Sunday, May 11, 2008

Hallowe’en with the Ulster-Scots

Published in "Belfast in Your Pocket", October 06

As the summer ends, there are three main seasons in the Ulster-Scots traditional folk calendar during Autumn and Winter – Harvest, Hallowe’en and Hogmanay. Also known as “Haleve Nicht”, Hallowe’en is of course celebrated worldwide as a night of ghostly goings-on. Interestingly, the other Irish “quarter days” have never been observed by the Presbyterian communites of Scottish descent in Ulster, but Hallowe’en (All Hallows Eve) gave a degree of Christian justification for the Ulster-Scots to enjoy the festivities.

All of the usual traditions apply – bonfires, children visiting houses, rhyming, practical jokes and parties have been enjoyed at Halloween for centuries. Some of the more unusual, lighthearted traditions once included adults putting a small pile of salt on a child’s forehead at bedtime as an attempt to ward off any mischievous fairies! Gates would be removed from their posts and placed on roofs of nearby buildings – this was blamed on the spirits and “broonies” who had come out to play!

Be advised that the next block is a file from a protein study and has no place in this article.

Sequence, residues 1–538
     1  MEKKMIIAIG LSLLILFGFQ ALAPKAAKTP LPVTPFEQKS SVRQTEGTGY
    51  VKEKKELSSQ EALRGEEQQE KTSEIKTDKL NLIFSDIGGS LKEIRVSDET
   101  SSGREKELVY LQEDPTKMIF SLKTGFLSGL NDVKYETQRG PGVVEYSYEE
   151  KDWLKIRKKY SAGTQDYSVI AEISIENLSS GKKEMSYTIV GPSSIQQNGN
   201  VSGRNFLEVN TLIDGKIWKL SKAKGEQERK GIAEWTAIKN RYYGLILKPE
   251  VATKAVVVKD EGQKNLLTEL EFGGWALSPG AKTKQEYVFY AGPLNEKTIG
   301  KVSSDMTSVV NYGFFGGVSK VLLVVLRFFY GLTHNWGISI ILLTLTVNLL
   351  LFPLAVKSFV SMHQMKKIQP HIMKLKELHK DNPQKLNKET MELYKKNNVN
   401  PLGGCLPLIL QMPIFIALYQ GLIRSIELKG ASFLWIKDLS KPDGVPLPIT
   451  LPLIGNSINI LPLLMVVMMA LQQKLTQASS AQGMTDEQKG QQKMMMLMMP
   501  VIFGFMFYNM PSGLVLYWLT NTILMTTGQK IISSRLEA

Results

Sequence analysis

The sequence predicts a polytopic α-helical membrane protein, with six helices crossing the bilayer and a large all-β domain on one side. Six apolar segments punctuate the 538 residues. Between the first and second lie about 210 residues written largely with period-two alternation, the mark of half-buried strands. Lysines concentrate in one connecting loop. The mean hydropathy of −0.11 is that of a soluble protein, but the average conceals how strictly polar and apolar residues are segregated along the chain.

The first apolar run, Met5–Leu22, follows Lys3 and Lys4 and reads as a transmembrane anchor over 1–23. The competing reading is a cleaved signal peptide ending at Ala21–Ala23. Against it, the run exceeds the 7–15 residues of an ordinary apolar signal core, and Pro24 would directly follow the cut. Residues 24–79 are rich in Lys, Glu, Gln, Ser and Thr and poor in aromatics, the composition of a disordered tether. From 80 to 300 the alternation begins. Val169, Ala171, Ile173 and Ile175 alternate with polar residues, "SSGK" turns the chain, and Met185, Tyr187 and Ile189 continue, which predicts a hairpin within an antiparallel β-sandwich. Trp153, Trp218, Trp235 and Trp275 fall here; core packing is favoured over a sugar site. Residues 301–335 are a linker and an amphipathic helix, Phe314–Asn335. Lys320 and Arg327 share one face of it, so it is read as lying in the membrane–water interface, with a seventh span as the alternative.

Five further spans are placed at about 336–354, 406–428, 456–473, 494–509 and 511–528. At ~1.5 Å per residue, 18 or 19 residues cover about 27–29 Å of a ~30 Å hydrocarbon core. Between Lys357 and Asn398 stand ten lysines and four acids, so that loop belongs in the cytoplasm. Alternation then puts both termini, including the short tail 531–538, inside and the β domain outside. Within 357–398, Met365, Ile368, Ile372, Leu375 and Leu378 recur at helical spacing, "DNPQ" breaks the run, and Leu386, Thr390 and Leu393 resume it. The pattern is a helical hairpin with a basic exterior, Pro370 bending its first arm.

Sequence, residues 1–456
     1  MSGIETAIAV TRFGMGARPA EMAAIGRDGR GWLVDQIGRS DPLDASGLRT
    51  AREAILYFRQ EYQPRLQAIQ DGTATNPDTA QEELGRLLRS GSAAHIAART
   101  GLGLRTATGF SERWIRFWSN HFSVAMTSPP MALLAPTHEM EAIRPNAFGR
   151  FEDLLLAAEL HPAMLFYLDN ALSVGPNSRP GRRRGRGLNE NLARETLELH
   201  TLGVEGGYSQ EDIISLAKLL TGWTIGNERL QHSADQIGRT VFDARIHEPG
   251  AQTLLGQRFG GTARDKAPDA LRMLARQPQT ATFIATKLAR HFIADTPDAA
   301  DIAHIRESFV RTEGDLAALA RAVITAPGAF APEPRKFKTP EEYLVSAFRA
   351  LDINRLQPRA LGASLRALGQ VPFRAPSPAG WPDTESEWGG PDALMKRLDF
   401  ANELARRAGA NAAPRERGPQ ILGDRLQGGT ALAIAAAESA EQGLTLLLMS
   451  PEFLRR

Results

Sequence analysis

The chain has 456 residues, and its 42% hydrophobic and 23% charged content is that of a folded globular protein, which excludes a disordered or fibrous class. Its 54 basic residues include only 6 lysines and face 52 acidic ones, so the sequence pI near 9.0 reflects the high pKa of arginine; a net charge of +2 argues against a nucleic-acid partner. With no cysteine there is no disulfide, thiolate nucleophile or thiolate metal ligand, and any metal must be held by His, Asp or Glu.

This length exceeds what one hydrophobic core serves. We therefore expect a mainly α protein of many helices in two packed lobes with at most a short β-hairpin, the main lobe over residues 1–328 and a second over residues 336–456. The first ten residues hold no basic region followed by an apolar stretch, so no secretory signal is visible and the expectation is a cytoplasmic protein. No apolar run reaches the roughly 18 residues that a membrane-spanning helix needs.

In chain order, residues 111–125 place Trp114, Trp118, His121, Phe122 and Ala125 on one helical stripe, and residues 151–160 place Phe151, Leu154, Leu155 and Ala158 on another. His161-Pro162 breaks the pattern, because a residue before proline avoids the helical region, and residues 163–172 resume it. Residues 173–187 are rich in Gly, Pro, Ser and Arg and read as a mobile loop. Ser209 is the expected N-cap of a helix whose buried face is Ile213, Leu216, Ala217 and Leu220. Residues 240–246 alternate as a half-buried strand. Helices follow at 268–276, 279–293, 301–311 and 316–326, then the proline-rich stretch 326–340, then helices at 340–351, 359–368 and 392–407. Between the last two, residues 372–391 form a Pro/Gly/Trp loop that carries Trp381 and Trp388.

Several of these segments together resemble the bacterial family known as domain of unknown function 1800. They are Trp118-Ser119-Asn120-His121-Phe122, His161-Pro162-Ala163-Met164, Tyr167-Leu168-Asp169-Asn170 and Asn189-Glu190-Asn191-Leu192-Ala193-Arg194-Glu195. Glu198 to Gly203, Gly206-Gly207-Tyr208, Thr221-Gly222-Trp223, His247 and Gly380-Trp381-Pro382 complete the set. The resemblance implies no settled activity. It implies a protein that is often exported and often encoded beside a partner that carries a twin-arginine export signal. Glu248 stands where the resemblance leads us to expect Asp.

And of course bonfires were common in every townland, village and town right across Ulster. People would gather around them to sing, to keep warm, or to cook potatoes in the ashes around the edge of the fire. Some even practiced old Scottish traditions of fortune-telling – for example if two nuts were put together into the bonfire and they jumped apart it was time for you to find a new partner!

The food traditions are important too – all vegetarian – for example steamed apple puddings, fruit spiced duffs and barmbracks, some of which had coins or rings added to them for the lucky eater! A range of indoor games, like ducking for apples, biting apples suspended on a string - illuminated by candles inside carved turnips or large potatoes (American pumpkins are a very recent Halloween import to Ulster). Even the door-to-door antics of the Hallowe’en rhymers have a centuries-long tradition for Ulster-Scots. And of course, the world-famous bard Robert Burns wrote a poem called “Halloween”.

Even in America, the old Hallowe’en cards often had tartan and Scottish themes on them. (See illustrations)

So watch out for the broonies and don’t chip a tooth on the coin in your apple pudding!

(for further information, see “Harvest Halloween and Hogmanay” by Philip Robinson in “Halloween and Other Festivals of Death and Life” by Jack Santino, published by University of Tennessee Press, 1994)